sprite writes
broodings from the burrow

April 20, 2011

into the stacks: the blue castle
posted by soe 12:42 am

The Blue Castle, by L. M. Montgomery

From the jacket: “At twenty-nine Valency had never been in love, and it seemed romance had passed her by. Living with her overbearing mother and meddlesome aunt, she found her only consolations in the ‘forbidden’ books of John Foster and her daydreams of the Blue Castle. Then a letter arrived from Dr. Trent — and Valency decided to throw caution to the winds. For the first time in her life Valency did and said exactly what she wanted. Soon she discovered a surprising new world, full of love and adventures far beyond her most secret dreams.”

My take: Last fall, raidergirl3 reviewed this novel and then offered it up to anyone who’d yet to read it. It came to me and sat on the shelf patiently waiting for me to choose it. Early last month, it jumped out at me as being the perfect read for the dreary transition to March we were having.

And it was. Valency wakes up on the morning of her 29th birthday with chest pains and despair about her life ever getting better. The good, obedient daughter of a domineering mother and overly involved, unkind, Victorian-era extended family, Valency has spent her life trying to live up to everyone’s expectations of her, whether it’s reading books only as often as her mother permits or serving as the straight man to her uncle’s mocking jokes or rubbing her cousin’s aching back before bed. But when she learns that she doesn’t have much time to live, she decides it’s time for a change. A total change. She answers her family back. She moves into the town drunk’s home to serve as housekeeper and nursemaid to his disgraced daughter. And, most scandalous of all, she’s seen interacting with Barney Snaith, who’s rumored to have done any number of terrible things.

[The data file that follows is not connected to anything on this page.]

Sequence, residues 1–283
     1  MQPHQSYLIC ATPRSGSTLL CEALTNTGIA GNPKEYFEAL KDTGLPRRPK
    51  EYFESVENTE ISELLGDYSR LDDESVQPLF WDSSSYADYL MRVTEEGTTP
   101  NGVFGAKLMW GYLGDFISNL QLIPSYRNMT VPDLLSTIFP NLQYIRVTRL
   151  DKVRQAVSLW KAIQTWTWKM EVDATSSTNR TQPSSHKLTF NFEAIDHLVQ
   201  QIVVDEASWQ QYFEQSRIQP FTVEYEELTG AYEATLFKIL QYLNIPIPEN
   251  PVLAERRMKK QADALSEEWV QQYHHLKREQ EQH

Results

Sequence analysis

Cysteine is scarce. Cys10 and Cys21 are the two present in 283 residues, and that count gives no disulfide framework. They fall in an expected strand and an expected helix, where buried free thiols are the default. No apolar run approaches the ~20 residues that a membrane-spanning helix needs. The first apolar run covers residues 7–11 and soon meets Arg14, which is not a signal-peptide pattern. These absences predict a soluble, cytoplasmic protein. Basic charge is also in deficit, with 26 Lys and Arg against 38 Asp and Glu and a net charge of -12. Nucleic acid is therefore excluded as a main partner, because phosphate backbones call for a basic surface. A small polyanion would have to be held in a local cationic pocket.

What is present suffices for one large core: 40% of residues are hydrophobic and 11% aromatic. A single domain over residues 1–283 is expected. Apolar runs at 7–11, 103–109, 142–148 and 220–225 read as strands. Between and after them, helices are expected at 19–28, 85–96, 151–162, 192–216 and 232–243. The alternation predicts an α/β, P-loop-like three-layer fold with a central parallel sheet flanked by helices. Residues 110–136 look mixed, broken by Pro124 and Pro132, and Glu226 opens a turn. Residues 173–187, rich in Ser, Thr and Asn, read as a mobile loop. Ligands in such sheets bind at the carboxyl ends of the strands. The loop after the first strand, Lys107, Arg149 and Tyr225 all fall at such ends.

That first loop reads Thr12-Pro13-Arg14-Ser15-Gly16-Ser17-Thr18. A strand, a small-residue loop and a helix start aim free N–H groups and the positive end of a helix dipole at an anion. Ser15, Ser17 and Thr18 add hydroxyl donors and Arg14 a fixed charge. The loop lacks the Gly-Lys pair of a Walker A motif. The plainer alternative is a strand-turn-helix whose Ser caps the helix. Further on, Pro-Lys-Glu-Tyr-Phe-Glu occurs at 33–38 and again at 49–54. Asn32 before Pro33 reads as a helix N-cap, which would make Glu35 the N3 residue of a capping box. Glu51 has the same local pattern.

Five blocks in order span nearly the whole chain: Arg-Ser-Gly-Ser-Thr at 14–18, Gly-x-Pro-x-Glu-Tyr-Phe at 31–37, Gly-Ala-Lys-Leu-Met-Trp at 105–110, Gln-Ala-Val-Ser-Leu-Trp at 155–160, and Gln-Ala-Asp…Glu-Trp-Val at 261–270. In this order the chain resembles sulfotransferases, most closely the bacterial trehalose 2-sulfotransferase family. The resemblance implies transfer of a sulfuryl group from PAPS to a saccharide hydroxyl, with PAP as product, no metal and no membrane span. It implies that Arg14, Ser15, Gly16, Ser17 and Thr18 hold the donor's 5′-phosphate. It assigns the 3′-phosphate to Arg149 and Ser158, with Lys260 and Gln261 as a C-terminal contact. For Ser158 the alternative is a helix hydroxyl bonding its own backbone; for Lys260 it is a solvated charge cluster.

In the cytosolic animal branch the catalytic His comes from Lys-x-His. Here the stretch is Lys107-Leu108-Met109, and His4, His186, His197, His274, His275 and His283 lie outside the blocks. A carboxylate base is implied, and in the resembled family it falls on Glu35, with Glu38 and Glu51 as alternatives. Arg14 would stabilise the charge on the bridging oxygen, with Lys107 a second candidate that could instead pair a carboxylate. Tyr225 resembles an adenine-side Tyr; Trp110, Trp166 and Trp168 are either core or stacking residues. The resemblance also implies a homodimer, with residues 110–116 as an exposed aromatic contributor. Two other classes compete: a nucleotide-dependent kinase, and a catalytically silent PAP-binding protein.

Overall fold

If you’re anything like me, you spend the first bit of the novel chafing at the treatment Valency is subjected to and wondering why she doesn’t stand up for herself. Certainly some of it can be brushed off as being more fitting of the time the novel takes place (the early 1920s), but she really does suffer because of her stuffy family. And then you remember all the stupid or mundane things you do (or don’t do) yourself because “it’s expected” or “that’s just how it is.” Says who?

Valency finds it’s possible to carve out a life worth living without adhering to each “thou shalt” that comes along. But will she be able to remain true to herself when life throws up roadblocks or as she gets closer to the end of the time frame the doctor has given her?

L.M. Montgomery, as many of you probably know, wrote the Anne of Green Gables series as well as a number of other books. If you’ve read any of her Anne or Emily books, you know that she harbors a not-so-secret fondness for gothic fiction, and it seems like this novel is in keeping with it. But, as with Montgomery’s other works, it only dabbles in it here and there, with references to Blackbeard and certain romantic elements.

If you’ve enjoyed Montgomery’s other works or need a smidge of rebellion in your own life, I highly recommend adding this to your to-read pile. Even if you can pinpoint how the book will end pretty much from the start, it won’t stop you from taking in the sights and enjoying the journey.

Pages: 218

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